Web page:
How would you do that though? If one DM comes up with their own campaign and then has to hand over to someone else, they need to record everything that had happened up to that point, and be able to provide a plan for where the game was supposed to go next. They'd need detailed logs and records that were easy for someone else to parse and build on, maps, copies of any homebrew (including unique monsters)... I can't see it working.

    Even for me, I mostly do play-by-post and keep fairly detailed records, but I wouldn't expect a. n. other DM to be able to just step in and take over.
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    Default Re: Homebrew, Modules, and AL

    Quote Originally Posted by Ninja_Prawn View Post
    How would you do that though? If one DM comes up with their own campaign and then has to hand over to someone else, they need to record everything that had happened up to that point, and be able to provide a plan for where the game was supposed to go next. They'd need detailed logs and records that were easy for someone else to parse and build on, maps, copies of any homebrew (including unique monsters)... I can't see it working.

    Even for me, I mostly do play-by-post and keep fairly detailed records, but I wouldn't expect a. n. other DM to be able to just step in and take over.
    Well, perhaps I didn't understand what's happening in AL, but don't you kinda have the same problem if you're running modules?

    Unless you manage to start and finish it in one session? (I've always played custom campaigns, but I thought that even modules lasted a bit longer than that).

    Assuming modules don't all start and end in one session (and if they do the point is moot, just require the DMs who wish to play custom campaign to build them so they're equally short), when you have to pick up characters who played at another table and got to different points of the module, how do you handle it? Is there so much turnout that you usually manage to find enough people who are at the same point?


    What if I played module#1 got to about half of it, then next time I go to play there's noone running it. I assume you can just hop in and do module#2 and not have your character locked until you finish the first. So the same way, one DM goes with a custom campaign? You'll (probably) finish it with the same DM at another time, assuming someone willing to put in the effort to produce custom work won't drop off the face of the earth except for dire reasons.


    I hope what I meant is clear, what with english not being my first language and all. Also, just ignore me if my assumptions about AL are wrong (again), I'm just going with what I read about it.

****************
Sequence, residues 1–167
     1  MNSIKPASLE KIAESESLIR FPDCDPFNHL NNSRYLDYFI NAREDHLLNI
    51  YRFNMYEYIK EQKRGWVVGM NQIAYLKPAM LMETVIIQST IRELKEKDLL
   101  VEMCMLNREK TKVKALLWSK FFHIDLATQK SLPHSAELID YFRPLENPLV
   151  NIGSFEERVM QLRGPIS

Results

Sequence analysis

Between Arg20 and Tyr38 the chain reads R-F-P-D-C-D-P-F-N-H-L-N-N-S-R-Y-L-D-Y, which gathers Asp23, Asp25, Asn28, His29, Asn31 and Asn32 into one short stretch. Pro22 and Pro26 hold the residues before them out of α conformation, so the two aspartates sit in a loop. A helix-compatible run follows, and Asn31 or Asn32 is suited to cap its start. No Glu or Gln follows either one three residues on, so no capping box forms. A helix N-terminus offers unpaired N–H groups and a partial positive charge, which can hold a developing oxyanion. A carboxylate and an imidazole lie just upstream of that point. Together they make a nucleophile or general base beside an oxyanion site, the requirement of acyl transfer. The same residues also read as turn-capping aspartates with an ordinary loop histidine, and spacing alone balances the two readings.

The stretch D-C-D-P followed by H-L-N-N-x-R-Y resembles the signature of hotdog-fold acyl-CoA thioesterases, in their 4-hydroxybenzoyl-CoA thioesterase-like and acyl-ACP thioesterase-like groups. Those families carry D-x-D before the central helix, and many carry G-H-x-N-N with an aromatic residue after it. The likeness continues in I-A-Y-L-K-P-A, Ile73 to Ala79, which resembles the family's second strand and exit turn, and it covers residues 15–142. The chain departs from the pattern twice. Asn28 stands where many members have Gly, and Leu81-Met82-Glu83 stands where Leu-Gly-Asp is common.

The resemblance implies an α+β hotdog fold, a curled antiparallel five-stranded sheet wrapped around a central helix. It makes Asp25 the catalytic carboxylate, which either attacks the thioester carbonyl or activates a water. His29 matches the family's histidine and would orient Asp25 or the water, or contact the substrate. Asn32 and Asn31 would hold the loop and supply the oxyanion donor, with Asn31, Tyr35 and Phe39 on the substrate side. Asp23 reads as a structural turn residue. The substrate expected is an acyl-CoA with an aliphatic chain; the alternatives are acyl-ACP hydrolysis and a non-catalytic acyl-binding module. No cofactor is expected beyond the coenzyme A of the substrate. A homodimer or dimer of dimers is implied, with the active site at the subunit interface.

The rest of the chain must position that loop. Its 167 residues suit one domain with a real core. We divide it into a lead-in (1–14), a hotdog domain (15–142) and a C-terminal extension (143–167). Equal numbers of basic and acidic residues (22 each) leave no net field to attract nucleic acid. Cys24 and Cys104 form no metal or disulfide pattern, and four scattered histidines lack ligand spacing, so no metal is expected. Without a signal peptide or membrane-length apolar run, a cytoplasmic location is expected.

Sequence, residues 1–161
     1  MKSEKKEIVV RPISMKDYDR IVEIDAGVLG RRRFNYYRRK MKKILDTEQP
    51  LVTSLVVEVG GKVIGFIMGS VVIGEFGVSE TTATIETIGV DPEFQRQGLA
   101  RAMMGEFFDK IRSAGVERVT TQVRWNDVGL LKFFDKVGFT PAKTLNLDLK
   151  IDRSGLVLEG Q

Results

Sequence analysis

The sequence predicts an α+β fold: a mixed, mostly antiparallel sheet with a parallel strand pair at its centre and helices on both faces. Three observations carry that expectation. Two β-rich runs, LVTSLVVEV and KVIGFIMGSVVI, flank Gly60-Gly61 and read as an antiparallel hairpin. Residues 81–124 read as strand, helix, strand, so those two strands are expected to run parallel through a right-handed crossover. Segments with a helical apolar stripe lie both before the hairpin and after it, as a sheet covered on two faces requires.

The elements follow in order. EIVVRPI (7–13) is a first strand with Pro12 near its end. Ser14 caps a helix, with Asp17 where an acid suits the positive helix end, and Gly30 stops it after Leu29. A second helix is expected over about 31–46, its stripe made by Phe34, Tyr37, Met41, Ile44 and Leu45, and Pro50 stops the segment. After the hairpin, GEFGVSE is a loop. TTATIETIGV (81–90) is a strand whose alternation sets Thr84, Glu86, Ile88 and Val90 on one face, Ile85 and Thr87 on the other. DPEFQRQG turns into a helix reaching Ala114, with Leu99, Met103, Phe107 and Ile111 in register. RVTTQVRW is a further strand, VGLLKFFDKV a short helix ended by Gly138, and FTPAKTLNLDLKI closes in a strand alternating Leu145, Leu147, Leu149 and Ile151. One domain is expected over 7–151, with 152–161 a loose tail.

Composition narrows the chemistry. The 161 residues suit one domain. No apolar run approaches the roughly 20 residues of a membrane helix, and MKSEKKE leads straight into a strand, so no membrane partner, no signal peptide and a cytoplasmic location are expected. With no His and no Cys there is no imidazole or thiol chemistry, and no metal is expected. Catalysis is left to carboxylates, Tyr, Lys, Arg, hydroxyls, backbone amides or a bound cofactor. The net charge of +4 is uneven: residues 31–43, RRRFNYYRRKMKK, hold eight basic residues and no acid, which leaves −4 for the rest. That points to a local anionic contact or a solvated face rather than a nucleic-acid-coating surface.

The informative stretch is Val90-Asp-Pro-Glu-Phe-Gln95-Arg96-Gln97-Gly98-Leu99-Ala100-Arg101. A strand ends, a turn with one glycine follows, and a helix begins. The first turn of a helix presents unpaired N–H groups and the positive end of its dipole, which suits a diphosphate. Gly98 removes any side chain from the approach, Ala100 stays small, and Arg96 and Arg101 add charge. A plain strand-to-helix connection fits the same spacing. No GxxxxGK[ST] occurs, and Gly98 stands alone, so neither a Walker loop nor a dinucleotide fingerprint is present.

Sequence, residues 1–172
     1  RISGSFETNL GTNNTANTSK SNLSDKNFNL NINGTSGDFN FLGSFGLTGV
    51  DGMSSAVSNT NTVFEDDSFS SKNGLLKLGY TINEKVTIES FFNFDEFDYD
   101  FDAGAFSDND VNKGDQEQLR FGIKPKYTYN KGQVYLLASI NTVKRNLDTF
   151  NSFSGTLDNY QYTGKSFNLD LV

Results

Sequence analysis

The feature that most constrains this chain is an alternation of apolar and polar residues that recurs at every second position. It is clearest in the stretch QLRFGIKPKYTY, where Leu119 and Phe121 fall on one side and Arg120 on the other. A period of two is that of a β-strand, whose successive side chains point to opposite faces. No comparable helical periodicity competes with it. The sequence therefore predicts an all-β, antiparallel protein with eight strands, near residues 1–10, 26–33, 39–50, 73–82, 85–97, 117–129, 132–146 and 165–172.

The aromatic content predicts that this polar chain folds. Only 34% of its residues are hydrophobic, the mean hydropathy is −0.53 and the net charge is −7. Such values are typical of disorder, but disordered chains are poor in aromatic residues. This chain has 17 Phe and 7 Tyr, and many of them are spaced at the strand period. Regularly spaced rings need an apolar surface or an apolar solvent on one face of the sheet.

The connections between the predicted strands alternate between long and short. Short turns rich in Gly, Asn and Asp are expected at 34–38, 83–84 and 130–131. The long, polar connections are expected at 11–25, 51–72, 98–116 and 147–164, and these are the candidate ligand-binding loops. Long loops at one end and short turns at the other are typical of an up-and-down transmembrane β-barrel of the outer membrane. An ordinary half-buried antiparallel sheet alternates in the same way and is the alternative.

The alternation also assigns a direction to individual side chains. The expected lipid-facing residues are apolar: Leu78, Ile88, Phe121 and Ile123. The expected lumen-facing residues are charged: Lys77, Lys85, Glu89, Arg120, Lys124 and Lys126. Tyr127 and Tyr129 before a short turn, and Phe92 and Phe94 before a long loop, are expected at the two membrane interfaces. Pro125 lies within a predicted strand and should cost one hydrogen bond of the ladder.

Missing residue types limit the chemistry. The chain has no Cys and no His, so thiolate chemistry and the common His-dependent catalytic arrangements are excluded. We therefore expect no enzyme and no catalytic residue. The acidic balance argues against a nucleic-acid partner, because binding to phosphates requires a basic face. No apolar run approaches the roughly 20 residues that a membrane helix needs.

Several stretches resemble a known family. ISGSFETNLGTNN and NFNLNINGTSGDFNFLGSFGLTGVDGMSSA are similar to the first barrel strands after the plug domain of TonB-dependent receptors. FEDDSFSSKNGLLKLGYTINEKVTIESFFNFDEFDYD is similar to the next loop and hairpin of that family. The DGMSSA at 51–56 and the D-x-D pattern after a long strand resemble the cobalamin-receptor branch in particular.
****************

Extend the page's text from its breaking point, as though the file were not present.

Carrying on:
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    Ninja_Prawn's Avatar

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    Default Re: Homebrew, Modules, and AL

    In fairness, I've never played AL, so I don't really know how it works. But I imagine that it's at least theoretically possible to say to a new DM "we got to the end of chapter 3 last time, can we pick up from there?" That's something you could never have with homebrew games/settings.
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    PaladinGuy

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    Default Re: Homebrew, Modules, and AL

    Quote Originally Posted by Ninja_Prawn View Post
    In fairness, I've never played AL, so I don't really know how it works. But I imagine that it's at least theoretically possible to say to a new DM "we got to the end of chapter 3 last time, can we pick up from there?" That's something you could never have with homebrew games/settings.
    You can certainly do that.

    I prefer to play AL for consistency and the ability to build up characters and use them at various times.

    I DM AL only when I have to, and vastly prefer to run my home brew. The only pleasure in DMing for is creative expression and story building which you don’t really feel with someone else’s story. Nothing like giving your players that “Oh ****” moment...
    Want to Multiclass? I wrote the book on it:http://www.giantitp.com/forums/showt...classing-Guide
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    I am an avid optimizer and love to give fire to the people... So long as they are restrained first so they have disadvantage on their dex saves.
    Feel free to PM me for one on one build advice.

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    Dwarf in the Playground
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    Default Re: Homebrew, Modules, and AL

    Quote Originally Posted by PeteNutButter View Post
    You can certainly do that.

    I prefer to play AL for consistency and the ability to build up characters and use them at various times.

    I DM AL only when I have to, and vastly prefer to run my home brew. The only pleasure in DMing for is creative expression and story building which you don’t really feel with someone else’s story. Nothing like giving your players that “Oh ****” moment...

    What happens if you're the only one who needs to run the module from that point forward? Or if the DM is only playing another module? Don't you get to play?

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    Barbarian in the Playground
     
    DrowGirl

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    Default Re: Homebrew, Modules, and AL